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CD Review

Piotr Ilyitch Tchaikovsky

  • Symphony #6 in B minor "Pathétique", Op. 74 (1893)
  • Fantasy Overture in B minor "Roméo & Juliet" (1869)
Boston Symphony Orchestra/Serge Koussevitzky
RCA 09026-60920-2
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While many famous conductors of the early 20th Century have gotten great attention from the labels they recorded for – and even some they didn't – the legacy of Serge Koussevitzky remains largely ignored. I've read negative reviews of his most famous work, but that is also true of Furtwängler and nobody seems to mind reissuing his work. As one of the most diverse and influential musicians of his era, I am frankly puzzled that this great champion of new music and mentor to Leonard Bernstein doesn't get more attention.

The Boston Symphony is in excellent form for this 1930 recording of Tchaikovsky's B minor Symphony. Sure, there are plenty of rather old-fashioned moments – the heavy portamento and somewhat exaggerated transition into the first movement Allegro, for example – but the generally exciting interpretation convinces even today. The sound has been restored well enough on this 1992 issue that we can hear the full glory of the orchestra. Not many orchestras in the United States made music like this in 1930, and the emotional impact is high.

After a direct and supremely effective first movement (that transition isn't all bad), the second movement waltz is lovely. The Boston woodwinds and strings effortlessly dovetail each other, and the only regret is that the bass is rather lacking. Koussevitzky builds the music well, and one understands in a way how Bernstein came to build his later, tension-drenched conception of the same work. When Koussevitzky chooses to slow down or speed up, the results are almost always musical and never disrupt the natural flow of the music. The Boston players seem comfortable following the conductor's wishes, even in an unusually quick third movement March. Here the Boston Symphony displays extraordinary confidence; we generally listen to older recordings for the conductor, not the orchestra. Here, the strings are supremely articulated, and everyone shows off. There is no sense of stress, except perhaps in the upper brass. Otherwise, it's great fun to listen to. The concluding Adagio is flowing and well-phrased, although I'm unsure whether I find it a hair too fast. Bernstein has spoiled me in this respect. The low brass does not entirely stay in tune, which is a pity because the strings above them manage just fine. Still, I challenge anyone to find a better played version this work from 1930, let alone one that's so musically rewarding.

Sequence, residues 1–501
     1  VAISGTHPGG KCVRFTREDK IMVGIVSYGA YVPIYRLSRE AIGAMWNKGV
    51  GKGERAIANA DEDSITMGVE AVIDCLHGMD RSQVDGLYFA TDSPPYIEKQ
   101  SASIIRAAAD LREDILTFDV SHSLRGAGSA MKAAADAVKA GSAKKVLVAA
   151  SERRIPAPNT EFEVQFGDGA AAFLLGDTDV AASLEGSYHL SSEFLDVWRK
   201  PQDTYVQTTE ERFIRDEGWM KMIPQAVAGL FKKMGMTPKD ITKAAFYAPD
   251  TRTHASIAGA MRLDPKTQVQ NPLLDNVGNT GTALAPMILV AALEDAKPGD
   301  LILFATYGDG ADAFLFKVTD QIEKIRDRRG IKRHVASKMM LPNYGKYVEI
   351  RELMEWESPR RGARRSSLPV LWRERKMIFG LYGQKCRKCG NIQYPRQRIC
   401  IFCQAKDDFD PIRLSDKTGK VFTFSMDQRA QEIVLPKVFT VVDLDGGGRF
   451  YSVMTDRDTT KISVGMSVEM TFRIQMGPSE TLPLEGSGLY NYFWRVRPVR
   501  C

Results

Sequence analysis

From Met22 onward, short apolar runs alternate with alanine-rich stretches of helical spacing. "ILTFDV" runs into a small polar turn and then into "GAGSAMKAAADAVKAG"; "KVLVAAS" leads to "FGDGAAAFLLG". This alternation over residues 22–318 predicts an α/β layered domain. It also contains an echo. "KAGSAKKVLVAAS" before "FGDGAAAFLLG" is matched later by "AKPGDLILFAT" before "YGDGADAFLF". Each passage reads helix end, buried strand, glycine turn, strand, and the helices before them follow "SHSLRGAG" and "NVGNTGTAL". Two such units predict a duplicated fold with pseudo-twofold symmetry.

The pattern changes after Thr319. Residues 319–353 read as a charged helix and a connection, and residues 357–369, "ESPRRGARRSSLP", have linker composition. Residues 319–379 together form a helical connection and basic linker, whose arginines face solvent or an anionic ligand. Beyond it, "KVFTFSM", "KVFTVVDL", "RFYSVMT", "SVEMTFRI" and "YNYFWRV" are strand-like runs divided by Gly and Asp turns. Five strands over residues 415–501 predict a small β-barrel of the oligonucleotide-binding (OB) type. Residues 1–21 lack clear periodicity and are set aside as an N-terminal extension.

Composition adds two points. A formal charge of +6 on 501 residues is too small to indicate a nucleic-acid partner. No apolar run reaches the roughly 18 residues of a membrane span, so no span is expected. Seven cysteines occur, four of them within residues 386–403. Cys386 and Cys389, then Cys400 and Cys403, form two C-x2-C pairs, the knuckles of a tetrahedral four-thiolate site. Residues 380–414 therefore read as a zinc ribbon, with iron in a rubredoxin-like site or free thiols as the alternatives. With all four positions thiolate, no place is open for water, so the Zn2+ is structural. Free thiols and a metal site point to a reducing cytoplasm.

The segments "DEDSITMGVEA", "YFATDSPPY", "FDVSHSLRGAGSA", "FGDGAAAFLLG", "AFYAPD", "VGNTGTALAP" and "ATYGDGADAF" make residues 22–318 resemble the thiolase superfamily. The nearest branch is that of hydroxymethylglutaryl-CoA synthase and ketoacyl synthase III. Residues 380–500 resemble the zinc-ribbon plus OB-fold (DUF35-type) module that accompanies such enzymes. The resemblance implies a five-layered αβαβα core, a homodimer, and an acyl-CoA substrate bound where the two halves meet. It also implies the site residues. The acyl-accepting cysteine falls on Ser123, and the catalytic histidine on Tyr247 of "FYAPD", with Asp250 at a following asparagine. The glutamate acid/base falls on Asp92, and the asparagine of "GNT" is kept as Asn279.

Roméo & Juliet was recorded six years later and features marginal improvements in ensemble and sound. Even on my modest sound system, the harp is intelligently balanced and the playing is first-class. Unsurprisingly, Koussevitzky builds the drama effortlessly, helped in no small part by his orchestra. Since you can more clearly hear the bass lines in 1936, the climaxes are more exciting. The main "Love Theme" is very beautiful, and the overall pacing strikes me as ideal. I don't usually review an issue that's so hard to find, but I gave up on this disc once (I had given it to someone and it was returned to me) and I feel that it's a release of enough historic significance to consider finding.

Copyright © 2015, Brian Wigman